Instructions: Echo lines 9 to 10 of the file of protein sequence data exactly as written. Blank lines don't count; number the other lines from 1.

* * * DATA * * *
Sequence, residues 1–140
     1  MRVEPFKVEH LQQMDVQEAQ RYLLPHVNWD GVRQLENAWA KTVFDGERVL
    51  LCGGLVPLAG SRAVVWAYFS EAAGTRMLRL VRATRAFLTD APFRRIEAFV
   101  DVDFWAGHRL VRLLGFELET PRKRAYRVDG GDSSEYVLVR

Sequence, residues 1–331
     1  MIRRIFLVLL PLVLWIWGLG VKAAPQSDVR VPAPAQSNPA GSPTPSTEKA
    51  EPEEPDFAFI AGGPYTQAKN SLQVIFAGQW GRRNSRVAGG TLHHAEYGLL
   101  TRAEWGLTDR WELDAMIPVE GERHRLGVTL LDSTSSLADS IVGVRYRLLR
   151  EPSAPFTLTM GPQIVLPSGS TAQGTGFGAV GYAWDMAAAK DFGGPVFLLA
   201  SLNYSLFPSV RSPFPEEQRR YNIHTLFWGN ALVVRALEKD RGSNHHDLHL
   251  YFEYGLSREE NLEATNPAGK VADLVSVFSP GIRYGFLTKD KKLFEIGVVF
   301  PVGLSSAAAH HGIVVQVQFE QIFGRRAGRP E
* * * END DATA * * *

   151  EPSAPFTLTM GPQIVLPSGS TAQGTGFGAV GYAWDMAAAK DFGGPVFLLA
   201  SLNYSLFPSV RSPFPEEQRR YNIHTLFWGN ALVVRALEKD RGSNHHDLHL